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Bike Equity: Rethinking How We Serve the Overlooked Cyclists in our Community

Serving the needs of everyone in our community.

It’s a concept we all can get behind. If you asked 100 people on the street, they’d probably all agree it’s something we should do. If you asked city planners, they’d say the same thing. But at least one group has noticed a big difference in what we say—versus what we do.

Anne Lusk’s powerful article “You Can’t Design Bike-Friendly Cities Without Considering Race and Class,” published in CityLab, should be a call to action for all bicycle advocates. In it, Lusk calls out urban planners across the country—not for their progress in building bike-friendly infrastructure, but because they have overlooked the people who likely need it the most. According to Lusk, “Urban cycling investments tend to focus on the needs of wealthy riders and neglect lower-income residents and people of color.”

Let me explain:

Urban cycling is a growing trend. Cities are being rated for their “bike-friendliness”. But research shows protected or painted bike lanes and urban trails are all popping up in moderate- to high-income areas. A look at Central Florida’s trail network shows just that: Cady Way trail in Winter Park, the Orlando Southeast Trail in Lake Nona and the Shingle Creek trail that will soon connect tourist areas like the Mall at Millenia and Windermere.

By contrast, Lusk says cities often add only the easiest and least safe elements in marginalized neighborhoods, such as painting sharrows (stencils of bikes and double chevrons) or bike lane markings, and placing them next to curbs or between parked cars and traffic.

It gets worse:

In fact, “the single biggest group of Americans who bike to work live in households that earn less than $10,000 yearly,” according to one study.

Low income areas, where more people depend on only bicycles for transportation, many times face higher risk of collisions and fatal crashes. In Central Florida, some of our most dangerous high-crash corridors are where high-speed roads and low-income residents coincide. Case in point: State Road 436, Orange Blossom Trail, Semoran Blvd and Pine Hills Rd.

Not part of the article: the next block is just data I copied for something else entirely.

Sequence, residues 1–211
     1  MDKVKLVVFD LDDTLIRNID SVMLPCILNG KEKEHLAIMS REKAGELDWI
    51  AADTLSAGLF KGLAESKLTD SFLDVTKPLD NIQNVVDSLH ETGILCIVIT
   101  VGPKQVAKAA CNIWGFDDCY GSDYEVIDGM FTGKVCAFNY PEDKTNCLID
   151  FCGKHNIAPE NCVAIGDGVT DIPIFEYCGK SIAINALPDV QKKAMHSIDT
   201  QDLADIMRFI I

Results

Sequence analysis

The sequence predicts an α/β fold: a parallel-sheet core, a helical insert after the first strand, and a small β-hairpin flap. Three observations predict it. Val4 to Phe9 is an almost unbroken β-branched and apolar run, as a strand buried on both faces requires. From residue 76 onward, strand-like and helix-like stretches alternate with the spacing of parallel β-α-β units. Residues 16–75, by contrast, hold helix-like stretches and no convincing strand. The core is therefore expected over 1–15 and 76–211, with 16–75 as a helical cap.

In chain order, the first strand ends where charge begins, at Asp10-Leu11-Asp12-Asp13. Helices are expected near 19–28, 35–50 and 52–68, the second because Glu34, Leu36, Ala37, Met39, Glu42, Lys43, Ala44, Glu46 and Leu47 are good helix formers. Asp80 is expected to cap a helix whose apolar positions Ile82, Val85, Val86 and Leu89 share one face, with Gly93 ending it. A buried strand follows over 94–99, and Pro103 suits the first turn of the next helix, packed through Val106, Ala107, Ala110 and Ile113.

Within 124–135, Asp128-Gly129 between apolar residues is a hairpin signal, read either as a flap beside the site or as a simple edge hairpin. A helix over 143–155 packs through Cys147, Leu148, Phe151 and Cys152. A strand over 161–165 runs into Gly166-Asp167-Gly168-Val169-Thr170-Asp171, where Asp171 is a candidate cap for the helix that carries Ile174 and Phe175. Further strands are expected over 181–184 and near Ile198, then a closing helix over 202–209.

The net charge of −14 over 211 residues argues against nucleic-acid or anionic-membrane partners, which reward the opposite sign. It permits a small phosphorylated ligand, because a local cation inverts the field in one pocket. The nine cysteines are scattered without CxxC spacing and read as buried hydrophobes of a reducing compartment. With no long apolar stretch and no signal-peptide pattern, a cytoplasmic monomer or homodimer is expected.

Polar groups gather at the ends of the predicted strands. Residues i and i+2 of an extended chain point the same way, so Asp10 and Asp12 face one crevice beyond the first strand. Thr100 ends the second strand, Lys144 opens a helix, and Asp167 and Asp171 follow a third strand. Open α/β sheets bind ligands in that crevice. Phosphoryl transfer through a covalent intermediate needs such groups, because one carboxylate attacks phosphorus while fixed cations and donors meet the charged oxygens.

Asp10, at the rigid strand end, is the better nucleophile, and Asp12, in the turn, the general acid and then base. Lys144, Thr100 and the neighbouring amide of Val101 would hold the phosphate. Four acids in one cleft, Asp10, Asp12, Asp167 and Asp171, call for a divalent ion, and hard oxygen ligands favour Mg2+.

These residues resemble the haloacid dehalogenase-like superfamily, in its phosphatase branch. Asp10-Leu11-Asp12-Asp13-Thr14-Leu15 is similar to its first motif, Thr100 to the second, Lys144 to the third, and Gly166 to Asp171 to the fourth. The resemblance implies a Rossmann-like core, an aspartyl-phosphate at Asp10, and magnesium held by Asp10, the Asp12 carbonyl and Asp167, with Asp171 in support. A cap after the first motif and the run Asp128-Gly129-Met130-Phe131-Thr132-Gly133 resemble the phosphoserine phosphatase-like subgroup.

Here’s the disconnect:

Lusk worked with a group from Harvard’s T.H. Chan School of Public Health, to learn what low-income, non-white bicyclists in Boston and Brooklyn wanted. What kind of bike infrastructure best met their needs? Spoiler alert: this may seem counter-intuitive.

Lusk’s team showed people in the survey, who included workers at the local YMCA, residents and former criminals, several pictures of places where people could ride a bike and asked them the rank them from the safest to the least safe. People in the study perceived neighborhoods, especially low-income apartment complexes, as a very dangerous places to ride their bikes. Many said they were worried about being mugged or robbed—especially in areas like public housing or neighborhoods with rundown homes. In contrast, they saw busy commercial corridors, where people are always present, and streets are lit better as safer from potential crime.

This may feel backwards to you. In higher income areas, neighborhoods are seen as the most safe, comfortable places to ride, for two reasons: 1) they are relatively free of crime 2) cars traveling at slower speeds pose less of a risk of crashes. Baldwin Park is a great example of a significant investment of bike infrastructure into an upper-class neighborhood.

So by this logic, urban planners should spend less money and time planning bike lanes in low-income neighborhoods, and more thought into keeping cyclists safe on main thoroughfares like Orange Blossom Trail, Semoran or Pine Hills. Once again, the viewpoints of the most in need are overlooked.

So why is it this way?

Like many equity issues, it seems to be a failure of the system. City and county leaders listen to their constituents (as they should), most often in the forum of a commissioners’ meeting. So, who has the ability to leave home in the evening and drive down to a public meeting in order to advocate for new bike lanes? It’s probably not the single mother of three with no car. It’s probably not the father who’s working two minimum wage jobs to support his family. And because their voices aren’t always heard, their needs can be overlooked. Again, a failure of the system that affects real people.

What should we do?

We, as a community, should work to get input from all stakeholders in an issue, making sure no one is overlooked. And it will take work. It will also take the people in charge “rethinking” the way they approach certain issues. Rather than having just having people speak at a commissioner meeting or hold a public meeting in the evening at a library, we should go out and seek the opinions of people who can’t access those meetings. We should work to get a wide range of opinions, insight and suggestions before deciding where to spend our money. We should think about people who use their bikes for transportation in addition to those who use it for recreation.

Orlando, like many other big cities, still has a long way to go. It is Bike/Walk Central Florida’s mission to advocate. Our vision is to help create a Central Florida where biking and walking are normal activities, and no one is overlooked.

 

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